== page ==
Religion in Pop Culture

19 Feb

Religion in Pop Culture

This sermon on religion in pop culture was originally delivered to the congregation of Harmony, a Unitarian Universalist Community, on February 19, 2012. It is published here with permission from the writer, with all rights reserved.

By Rob Rogan

Ever since I was a child, I have loved movies. I can become absolutely engrossed in a great film and they can stay with me for quite a while after I finish watching them.

I am not ashamed to admit that I cried at the end of Braveheart and I jumped out of my seat cheering at the end of Hoosiers. Movies have a power to touch us and I am excited to finally get a chance to be able to tie movies into a UU sermon.

Our sermons at Harmony are typically full of great information. We tell the founding history of UU traditions, or of the history of women in religion, or the benefits of meditation, or lessons we can take from other religions. This will not be one of those sermons.

Today I intend to use the lens of modern films to frame spiritual questions, without providing definitive answers. I will present some of my favorite Hollywood thought provoking scenes and allow the post sermon discussion as the place for answers to be delivered.

Years ago, when the Board was brainstorming tag lines for our church, we heavily considered the phrase “UU, where the questions are the answers.” I believe this sermon will embody that phrase and my hope is that it gets you thinking as much as listening.


To that end, we will move on to the first posit I want to discuss from the film Dogma. From the start, let’s make it clear that Dogma is no Citizen Kane. It is a somewhat crude comedy from writer/director Kevin Smith, but underneath the crude jokes, there is a very real religious message.

Dogma is a satire of the Catholic Church and it withstood a great deal of controversy before and after it was released. Kevin Smith received 30,000 pieces of hate mail, including several death threats. Perhaps to head off controversy, the film’s title sequence contained a disclaimer that reads “Even God has a sense of humor – just look at the platypus.”

The movie is the story of two fallen angels and their attempt to find a loophole to get back into heaven. To set up the controversial takes on Catholicism, I want to play one of my favorite scenes from the movie, BUDDY CHRIST. (Play movie clip)

Clearly, the catholic church was mad at this. But rest assured, this movie was not negative about religion as a whole and towards the end there is a great dialogue that I think about often. In this scene an apostle is talking to our hero Bethany about God and suggests this:

Apostle: God’s only real beef with mankind is what that gets carried out in His name. Wars, bigotry, televangelism…… the big one though, is the fractioning of all of the religions. He said mankind got it all wrong by taking a good idea and building a belief structure on it.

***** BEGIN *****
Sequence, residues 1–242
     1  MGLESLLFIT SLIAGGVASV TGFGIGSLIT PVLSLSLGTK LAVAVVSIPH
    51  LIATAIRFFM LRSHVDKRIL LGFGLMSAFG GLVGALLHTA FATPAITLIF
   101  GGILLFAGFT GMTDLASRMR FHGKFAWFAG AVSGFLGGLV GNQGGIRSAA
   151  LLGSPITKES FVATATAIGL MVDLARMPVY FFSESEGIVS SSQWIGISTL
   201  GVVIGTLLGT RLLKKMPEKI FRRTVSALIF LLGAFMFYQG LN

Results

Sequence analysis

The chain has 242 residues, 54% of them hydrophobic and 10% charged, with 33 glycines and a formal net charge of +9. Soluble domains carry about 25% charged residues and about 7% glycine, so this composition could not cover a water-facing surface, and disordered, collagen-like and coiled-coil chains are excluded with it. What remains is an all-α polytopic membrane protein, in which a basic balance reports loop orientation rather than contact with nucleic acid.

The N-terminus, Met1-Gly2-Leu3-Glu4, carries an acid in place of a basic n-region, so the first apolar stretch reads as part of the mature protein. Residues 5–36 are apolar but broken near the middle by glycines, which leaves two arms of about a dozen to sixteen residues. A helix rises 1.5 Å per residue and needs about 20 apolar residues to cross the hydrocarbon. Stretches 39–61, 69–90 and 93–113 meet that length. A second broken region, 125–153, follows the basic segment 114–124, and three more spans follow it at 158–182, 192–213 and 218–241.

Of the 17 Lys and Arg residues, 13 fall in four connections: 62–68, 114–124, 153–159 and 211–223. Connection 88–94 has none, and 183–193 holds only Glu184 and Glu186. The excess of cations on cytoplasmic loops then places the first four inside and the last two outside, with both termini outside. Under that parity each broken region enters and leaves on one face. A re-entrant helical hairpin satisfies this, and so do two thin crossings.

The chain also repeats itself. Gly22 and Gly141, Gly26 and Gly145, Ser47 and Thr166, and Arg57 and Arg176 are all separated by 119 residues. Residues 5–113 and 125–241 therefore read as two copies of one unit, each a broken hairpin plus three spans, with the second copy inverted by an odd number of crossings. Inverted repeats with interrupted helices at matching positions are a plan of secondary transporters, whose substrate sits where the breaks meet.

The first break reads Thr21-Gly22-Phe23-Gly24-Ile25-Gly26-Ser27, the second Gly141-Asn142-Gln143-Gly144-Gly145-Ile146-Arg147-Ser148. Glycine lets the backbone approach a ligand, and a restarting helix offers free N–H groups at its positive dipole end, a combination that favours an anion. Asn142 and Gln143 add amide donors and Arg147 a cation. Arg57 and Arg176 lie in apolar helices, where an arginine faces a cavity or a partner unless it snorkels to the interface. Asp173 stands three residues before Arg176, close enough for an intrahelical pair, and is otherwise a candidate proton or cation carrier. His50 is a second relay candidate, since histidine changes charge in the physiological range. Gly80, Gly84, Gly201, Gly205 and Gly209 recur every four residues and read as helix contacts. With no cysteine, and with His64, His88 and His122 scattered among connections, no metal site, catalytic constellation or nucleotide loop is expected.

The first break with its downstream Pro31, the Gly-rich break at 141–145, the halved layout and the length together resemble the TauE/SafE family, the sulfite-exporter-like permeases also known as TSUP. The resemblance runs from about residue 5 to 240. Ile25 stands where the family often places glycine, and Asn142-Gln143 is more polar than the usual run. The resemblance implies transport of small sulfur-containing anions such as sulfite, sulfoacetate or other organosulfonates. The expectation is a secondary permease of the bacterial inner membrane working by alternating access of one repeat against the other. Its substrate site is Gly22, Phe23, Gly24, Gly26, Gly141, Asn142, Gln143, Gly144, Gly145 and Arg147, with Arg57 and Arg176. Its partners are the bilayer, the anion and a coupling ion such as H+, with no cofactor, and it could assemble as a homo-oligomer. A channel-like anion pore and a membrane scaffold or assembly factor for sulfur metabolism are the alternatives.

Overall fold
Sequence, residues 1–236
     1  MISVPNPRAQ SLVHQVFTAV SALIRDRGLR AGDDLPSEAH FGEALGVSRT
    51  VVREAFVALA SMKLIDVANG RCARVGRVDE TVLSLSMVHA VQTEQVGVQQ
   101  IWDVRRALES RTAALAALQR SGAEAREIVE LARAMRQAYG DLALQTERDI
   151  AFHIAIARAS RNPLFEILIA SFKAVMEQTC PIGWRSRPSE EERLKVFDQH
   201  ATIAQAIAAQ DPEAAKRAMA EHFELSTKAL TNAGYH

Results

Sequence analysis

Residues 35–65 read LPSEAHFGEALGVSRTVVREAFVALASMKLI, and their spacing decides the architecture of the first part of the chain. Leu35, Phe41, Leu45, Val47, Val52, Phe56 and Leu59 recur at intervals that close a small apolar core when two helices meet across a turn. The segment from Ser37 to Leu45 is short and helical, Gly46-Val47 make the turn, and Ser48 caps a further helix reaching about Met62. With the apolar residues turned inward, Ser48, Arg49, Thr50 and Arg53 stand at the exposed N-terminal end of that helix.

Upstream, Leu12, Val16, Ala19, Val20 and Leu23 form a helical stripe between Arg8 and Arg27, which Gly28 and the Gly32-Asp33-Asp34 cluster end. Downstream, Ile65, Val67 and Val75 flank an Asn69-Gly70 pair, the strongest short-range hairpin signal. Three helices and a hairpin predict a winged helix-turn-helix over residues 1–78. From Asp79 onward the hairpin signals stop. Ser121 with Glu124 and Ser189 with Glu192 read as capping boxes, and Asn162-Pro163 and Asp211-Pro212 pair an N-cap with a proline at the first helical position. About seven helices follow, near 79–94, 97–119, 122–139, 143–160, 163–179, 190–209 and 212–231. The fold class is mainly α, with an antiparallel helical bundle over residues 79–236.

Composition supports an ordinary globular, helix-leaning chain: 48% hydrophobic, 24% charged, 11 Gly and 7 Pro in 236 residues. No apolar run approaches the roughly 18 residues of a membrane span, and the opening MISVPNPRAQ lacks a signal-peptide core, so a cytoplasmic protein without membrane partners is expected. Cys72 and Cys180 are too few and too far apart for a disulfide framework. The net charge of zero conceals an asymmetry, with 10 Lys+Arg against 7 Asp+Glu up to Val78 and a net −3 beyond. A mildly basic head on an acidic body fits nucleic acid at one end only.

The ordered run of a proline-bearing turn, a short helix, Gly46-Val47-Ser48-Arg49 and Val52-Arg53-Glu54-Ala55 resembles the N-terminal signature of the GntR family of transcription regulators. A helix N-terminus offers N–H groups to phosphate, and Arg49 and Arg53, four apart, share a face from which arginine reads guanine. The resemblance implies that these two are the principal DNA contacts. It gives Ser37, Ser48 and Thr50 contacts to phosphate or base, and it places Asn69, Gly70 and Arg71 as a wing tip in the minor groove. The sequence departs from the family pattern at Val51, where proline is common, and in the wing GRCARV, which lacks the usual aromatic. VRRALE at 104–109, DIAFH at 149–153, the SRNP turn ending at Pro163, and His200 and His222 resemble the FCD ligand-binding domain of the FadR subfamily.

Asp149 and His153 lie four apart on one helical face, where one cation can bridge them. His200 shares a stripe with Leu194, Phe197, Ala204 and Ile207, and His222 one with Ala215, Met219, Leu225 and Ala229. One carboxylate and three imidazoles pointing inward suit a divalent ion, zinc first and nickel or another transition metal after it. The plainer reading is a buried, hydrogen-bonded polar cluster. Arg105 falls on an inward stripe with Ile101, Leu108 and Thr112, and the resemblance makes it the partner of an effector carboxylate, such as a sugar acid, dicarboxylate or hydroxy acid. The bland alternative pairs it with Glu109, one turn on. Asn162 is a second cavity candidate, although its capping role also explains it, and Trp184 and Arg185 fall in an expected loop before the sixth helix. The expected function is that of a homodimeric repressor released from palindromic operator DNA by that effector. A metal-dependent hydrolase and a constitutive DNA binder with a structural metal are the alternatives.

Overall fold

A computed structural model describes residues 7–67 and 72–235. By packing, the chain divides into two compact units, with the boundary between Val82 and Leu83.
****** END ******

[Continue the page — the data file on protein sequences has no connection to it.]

Bethany: You’re saying having beliefs is a bad thing?

Apostle: I just think it’s better to have ideas. I mean, you can change an idea, changing a belief is trickier. People die for it, people kill for it.

This scene takes few words to try and demonstrate a singular importance and failure organized religion; that the idea of religion is solid, but the insistence on dogmatic law is the problem. In many ways those who agree with the scene should become UU. More than any religious organization, we explore ideas over pushing Dogma.

Furthermore, the popularity of this movie with my generations is one of the reasons I see such potential for growth in our religion. Kevin Smith did not use Dogma to say that all religion is bad, but rather to say that religion can be great, we just need to fix it. Don’t let the dogmatic law of our forefathers block what religion can be. Allow it to grow to fit where it is needed and can do the most good.

Having said that, the UU church does have a belief system. We recite our 7 principles at the beginning of every service here and are considered the foundation of our religion.

Book of Eli

So we can check off the comedy movie and move over to the adventure section and the controversial film Book of Eli. In this film Denzel Washington plays a drifter in our world after a nuclear apocalypse. In many ways, Book of Eli is your very conventional modern day action film. It is filled with fighting scenes and explosions, but what differentiates Book of Eli is what they are fighting over.

Our hero in this film carries the last existing copy of the Bible in his backpack and this book is deeply coveted by all parties. The movie goes at great lengths to debate the value of religion versus its drawbacks and even insinuates that religious beliefs are the motivating factor behind the nuclear war that sent this world into an apocalypse.

Here is a quick scene of our bad guy and why he wants the Book so bad (this video is a little rough at the start, so please ignore the flicker and just listen to the speech).

[BOOK OF ELI movie clip]

Gary Oldman plays a great bad guy: “It’s a weapon to prey on the hearts and minds of the weak and the desperate.” Now that is something I have never heard the Bible called.